Posted: 14 April 2013 10:31

A landscape feature that I've not yet covered in this series is what would have been the most numerous type of crater in Sussex - those made by artillery shells. A visit to the site of a live-fire exercise reveals some interesting evidence.

The South Downs Battle Training Area took a real hammering from artillery and mortars; certain areas were set aside into which all manner of explosive ordnance plunged on an almost daily basis from 1941. These areas were predominantly agricultural land and the thousands of pock-marks visible on 1946 aerial photographs have long since been ploughed out.

However, I did find documents in a war diary describing an area that might still bear evidence of past traumas.

Fire support demonstration

We have to go back to April 1945 - surprisingly late in the European war, but I suppose I've always had the impression that large-scale exercises pretty much ended with the opening of the Second Front in 1944. This is not so - troops were continuously coming and going between the UK and the continent and although the end seemed near, the war was not over yet and certainly not in the Far East.

55 Division were in Sussex at this time and had been tasked with rapidly training up troops who were urgently needed for overseas deployment. Shortages were such that many anti-aircraft regiments were being disbanded and men being sent back to the UK for retraining to become infantry.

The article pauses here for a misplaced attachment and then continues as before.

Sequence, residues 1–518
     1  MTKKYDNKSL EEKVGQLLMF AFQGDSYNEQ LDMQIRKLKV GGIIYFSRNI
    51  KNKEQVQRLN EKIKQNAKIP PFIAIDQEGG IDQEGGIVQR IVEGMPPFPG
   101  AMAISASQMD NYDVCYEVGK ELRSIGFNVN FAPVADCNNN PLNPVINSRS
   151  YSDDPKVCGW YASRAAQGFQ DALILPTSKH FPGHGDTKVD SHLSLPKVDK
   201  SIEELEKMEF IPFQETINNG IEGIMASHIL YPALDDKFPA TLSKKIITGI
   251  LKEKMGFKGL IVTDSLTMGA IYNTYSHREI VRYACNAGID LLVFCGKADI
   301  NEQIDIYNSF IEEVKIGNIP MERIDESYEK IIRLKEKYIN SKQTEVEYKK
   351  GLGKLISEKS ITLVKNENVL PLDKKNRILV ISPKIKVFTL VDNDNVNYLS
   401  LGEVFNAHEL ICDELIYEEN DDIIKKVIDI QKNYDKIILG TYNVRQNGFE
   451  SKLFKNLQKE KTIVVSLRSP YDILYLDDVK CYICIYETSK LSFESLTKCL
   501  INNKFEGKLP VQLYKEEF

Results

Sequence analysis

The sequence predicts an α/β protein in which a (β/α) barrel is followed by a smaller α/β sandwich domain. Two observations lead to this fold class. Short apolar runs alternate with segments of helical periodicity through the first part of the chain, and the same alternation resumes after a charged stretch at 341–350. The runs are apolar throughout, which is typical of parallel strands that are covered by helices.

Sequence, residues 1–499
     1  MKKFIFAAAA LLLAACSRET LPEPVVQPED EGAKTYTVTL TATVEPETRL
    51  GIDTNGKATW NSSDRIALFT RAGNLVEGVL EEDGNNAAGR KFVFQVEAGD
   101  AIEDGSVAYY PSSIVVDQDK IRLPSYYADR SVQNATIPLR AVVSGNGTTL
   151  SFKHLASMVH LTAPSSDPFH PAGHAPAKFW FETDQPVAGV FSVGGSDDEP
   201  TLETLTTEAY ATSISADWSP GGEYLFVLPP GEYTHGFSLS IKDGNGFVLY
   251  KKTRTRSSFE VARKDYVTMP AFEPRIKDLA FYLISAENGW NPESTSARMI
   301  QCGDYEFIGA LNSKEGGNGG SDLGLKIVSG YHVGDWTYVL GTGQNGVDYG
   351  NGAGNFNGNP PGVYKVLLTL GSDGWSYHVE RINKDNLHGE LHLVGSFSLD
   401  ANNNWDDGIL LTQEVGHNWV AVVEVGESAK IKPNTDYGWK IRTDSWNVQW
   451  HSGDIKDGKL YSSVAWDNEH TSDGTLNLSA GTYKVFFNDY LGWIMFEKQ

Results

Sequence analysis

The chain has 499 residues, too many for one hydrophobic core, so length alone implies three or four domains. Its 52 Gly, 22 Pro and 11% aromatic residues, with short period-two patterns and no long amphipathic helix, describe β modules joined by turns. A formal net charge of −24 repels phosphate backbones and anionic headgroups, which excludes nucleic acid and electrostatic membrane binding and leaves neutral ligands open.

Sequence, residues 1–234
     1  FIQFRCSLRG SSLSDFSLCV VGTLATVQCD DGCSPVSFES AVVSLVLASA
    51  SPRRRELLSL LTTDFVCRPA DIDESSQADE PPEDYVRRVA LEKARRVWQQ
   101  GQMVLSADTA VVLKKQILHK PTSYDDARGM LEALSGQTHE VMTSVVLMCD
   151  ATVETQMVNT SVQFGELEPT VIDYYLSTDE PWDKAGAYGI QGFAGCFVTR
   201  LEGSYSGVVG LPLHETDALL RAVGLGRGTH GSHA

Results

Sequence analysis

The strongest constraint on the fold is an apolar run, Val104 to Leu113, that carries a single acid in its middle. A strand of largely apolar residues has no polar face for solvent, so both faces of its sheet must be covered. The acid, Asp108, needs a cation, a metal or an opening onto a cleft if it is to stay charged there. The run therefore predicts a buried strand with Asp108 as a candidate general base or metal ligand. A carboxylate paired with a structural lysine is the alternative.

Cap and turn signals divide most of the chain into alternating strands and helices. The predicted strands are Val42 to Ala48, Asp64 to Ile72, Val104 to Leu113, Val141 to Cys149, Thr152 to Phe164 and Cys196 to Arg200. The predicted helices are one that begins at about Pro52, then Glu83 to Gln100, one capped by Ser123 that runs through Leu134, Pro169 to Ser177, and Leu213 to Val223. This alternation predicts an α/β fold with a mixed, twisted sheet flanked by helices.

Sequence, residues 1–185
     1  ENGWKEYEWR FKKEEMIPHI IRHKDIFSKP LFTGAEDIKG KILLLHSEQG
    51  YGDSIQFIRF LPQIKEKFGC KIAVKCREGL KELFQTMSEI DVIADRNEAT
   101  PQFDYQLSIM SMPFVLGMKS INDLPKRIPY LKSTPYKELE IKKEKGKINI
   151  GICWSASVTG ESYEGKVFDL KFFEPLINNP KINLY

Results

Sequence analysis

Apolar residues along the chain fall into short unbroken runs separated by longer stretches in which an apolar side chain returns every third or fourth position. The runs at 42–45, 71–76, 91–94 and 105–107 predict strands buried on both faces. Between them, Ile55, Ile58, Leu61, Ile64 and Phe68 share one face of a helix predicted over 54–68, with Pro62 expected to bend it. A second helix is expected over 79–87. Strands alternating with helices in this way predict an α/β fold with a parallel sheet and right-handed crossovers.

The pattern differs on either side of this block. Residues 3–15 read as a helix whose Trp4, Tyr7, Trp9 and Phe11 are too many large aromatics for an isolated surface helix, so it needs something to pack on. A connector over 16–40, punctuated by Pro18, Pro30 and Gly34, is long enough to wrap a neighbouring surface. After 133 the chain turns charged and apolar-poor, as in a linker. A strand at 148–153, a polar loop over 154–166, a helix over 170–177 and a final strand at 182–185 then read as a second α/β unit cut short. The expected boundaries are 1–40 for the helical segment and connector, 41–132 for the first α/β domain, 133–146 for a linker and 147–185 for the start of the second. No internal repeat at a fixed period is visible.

As part of their training, a fire support demonstration was staged on the Downs; this comprised a large number of set-piece bombardments from the following:

- A platoon of 4.2-inch mortars (4)
- A platoon of 3-inch mortars (6)
- A Field Regiment of 25-pounder guns (24)

These weapons are illustrated in the graphic below:

Bomb craters (10) - shell craters

The fire was to be directed onto two target areas. Unfortunately, the documents didn't give any grid references for these areas. However, a grid was given for the location of the spectators, and even better, a thumbnail sketch of the area from that point was included as part of the fire orders!

I've very roughly redrawn the sketch freehand below, with a photo showing the same view. The sketch exaggerates the shape of the Downs, but, allowing for the growth of vegetation, it's a fairly close match with the landscape of today! Targets 'I' and 'II' are marked.

Bomb craters (10) - shell craters

The fire plan

The fire plan is shown in full in the table below; if you're not inclined to wade your way through the minutiae of it, I'll just draw your attention to the highlighted fire mission, Serial no.6.

Serial Qty Weapon Type of Fire Target Duration Rounds
1 6 3-inch mortar (Platoon) High Explosive 1 1 min 80
2 1 4.2-inch mortar High Explosive 1 1 min 8
3 4 4.2-inch mortar (Platoon) High Explosive 1 1 min 40
4 4 25-pounder (Troop) High Explosive 2 1 min 20
5 24 25-pounder (Regiment) High Explosive 2 1 min 120